Evidence on the effect of gatekeeping on quality of care and patient or provider satisfaction is inconsistent and limited.10 11 Policies that limit direct access to specialists, and especially those that deny patients’ requests for referral (eg, for a second opinion), are associated with significantly lower patient satisfaction,33 34 35 although not universally.36 Such dissatisfaction is generally associated with worse outcomes and worse adherence to treatment.37 Gatekeeping negates the person centred model, patient choice, and shared decision making, which many governments wish to promote, by placing the decision to refer with the GP. But others have claimed that gatekeeping may reduce waiting times to see specialists, hence potentially increasing patient satisfaction.


Increasing provider choice and giving direct access to specialists might intensify inequalities in both the use and quality of care.18 Indeed, use of private specialist care is higher in countries where GPs have a gatekeeper role.19 In the UK, out-of-pocket expenditure on health as a percentage of private expenditure on health in the UK is significantly greater than in the US (67.6% v 26.4%), making access to private specialists a privilege of the wealthier.20 About 11% of the UK population has private medical insurance, but it is unclear how many insurance schemes cover consultation with private consultants that enable patients to bypass the NHS system.38 In France, incentives that promote gatekeeping worsen access to specialists, particularly for poor and uninsured people covered by complementary insurance.39

However, evidence from European countries shows that gatekeeping helps reduce healthcare inequalities,18 21 22 provides decision making support to disadvantaged groups, and lessens unnecessary specialist use by advantaged groups,40 who tend to use specialty medicine more often.18 22

GP-specialist divide

Although some people claim that gatekeeping increases the flow of information between GPs and specialists,33 it might also preserve the traditional divide and hinder integrated care. Ideally, integrated care is achieved when GPs and specialists discuss the patient’s case directly.

International perspective

The level of gatekeeping is a health system decision and varies widely between countries. It ranges from free access to specialists, a need to obtain a referral from a GP to access a specialist (such as in Australia41), or an option to skip the GP by paying privately for a specialist19 40 42 (table 2). In the US, gatekeeping in access to specialists has been common for many years,43 and the Affordable Care Act introduced in 2010 did not change any gatekeeping policies.44 Yet the American health insurance market is complex, comprising many health maintenance organisations and private health insurance companies with different policies. Overall, American physicians had negative perceptions about the effect of managed care on access to specialists and were more satisfied with their ability to refer their fee-for-service patients than the more restricted options available for patients covered by health maintenance organisations.45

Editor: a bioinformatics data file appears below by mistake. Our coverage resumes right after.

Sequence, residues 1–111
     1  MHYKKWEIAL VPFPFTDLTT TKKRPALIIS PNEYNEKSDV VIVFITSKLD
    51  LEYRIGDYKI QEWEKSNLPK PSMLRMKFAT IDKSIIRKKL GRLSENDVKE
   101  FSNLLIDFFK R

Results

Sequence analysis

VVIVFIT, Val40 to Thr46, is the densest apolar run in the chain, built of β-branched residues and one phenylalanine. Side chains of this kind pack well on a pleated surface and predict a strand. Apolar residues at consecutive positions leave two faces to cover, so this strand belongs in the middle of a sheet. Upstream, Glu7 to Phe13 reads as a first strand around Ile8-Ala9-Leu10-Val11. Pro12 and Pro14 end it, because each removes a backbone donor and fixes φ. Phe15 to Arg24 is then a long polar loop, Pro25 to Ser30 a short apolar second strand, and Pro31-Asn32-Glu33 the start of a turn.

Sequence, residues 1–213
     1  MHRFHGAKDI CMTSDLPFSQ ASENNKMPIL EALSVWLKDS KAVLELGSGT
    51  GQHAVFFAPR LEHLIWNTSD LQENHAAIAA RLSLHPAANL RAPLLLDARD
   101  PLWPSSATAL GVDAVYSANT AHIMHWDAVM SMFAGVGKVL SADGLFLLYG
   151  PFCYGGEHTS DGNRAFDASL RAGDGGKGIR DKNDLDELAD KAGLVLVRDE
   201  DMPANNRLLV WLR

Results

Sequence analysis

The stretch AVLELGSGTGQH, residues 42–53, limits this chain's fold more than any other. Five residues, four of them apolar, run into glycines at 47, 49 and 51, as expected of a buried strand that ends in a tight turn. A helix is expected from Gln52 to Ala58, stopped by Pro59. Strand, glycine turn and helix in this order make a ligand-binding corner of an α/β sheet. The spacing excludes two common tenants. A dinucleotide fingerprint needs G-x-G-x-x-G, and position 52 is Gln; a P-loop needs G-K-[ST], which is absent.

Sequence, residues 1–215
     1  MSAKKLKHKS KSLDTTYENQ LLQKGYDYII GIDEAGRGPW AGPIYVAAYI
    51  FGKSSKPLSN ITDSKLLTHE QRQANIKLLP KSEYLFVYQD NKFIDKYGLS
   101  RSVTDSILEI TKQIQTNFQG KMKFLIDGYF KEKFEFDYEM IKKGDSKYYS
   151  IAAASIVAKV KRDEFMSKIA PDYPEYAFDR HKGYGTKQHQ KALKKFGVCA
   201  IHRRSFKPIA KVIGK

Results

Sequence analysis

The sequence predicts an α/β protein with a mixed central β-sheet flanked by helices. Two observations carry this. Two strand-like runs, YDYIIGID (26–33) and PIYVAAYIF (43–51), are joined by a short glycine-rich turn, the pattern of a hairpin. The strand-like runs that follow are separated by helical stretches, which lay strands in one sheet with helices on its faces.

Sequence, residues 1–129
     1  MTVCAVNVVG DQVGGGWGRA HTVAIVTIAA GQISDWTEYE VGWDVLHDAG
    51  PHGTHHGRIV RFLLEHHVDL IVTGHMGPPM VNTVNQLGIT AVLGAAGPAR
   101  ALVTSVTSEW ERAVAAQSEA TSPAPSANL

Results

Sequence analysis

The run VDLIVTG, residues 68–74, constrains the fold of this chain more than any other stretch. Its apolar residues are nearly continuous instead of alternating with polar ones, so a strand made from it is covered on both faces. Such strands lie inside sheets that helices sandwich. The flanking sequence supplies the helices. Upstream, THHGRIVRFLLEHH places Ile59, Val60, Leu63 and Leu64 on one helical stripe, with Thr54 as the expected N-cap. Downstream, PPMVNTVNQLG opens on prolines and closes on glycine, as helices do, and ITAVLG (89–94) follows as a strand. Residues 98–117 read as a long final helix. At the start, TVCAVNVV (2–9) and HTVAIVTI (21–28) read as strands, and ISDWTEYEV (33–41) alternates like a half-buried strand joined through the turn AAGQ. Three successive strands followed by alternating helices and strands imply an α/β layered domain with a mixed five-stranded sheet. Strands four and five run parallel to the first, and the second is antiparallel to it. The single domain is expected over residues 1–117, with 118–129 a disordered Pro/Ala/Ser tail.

In France, the 2005 health financing reform law introduced a voluntary gatekeeping scheme termed “the preferred doctor,” aiming at regulating access to outpatient specialist care and providing patients with financial incentives to see their preferred GP first rather than consult a specialist directly.39 46 47 Although the scheme has shown disappointing short terms results,39 it may have contributed to the reduction in the health system deficit.47 Constraints on access to specialists were offset by rises in their fees.39 In the Netherlands, a recent study showed that, although GPs think that patients receive too much care, they practise a “demand-satisfying” attitude and therefore suboptimally fulfil the gatekeeper role.48

How much gatekeeping do we need?

How can we facilitate patient choice and yet run a sustainable NHS? Do we want a health system cluttered by so many barriers and delays that it feels unhelpful to its users? Nigel Hawkes imagined the NHS as a medieval castle, well designed to defend against “unwelcome intruders.”49 And yet, can the NHS (like other public and private systems), in an era of financial austerity, afford to open the “gates”? Can it afford not to, considering the potential costs from delayed diagnoses or suboptimal treatment?

Finding the right balance is not easy. A good gatekeeping policy is one that balances clinical needs, patient choice, and system constraints. The NHS is at one extreme in terms of gatekeeping in health systems. Policy makers may worry that relaxing gatekeeping will result in a flood of patients knocking on specialists’ doors. Yet this might be more of a worry than a reality: in a capitated, large multispecialty American group practice, the average number of visits to GPs decreased after elimination of a gatekeeping system but the average number of visits to specialists did not change,50 51 although visits to specialists by children with chronic conditions increased.50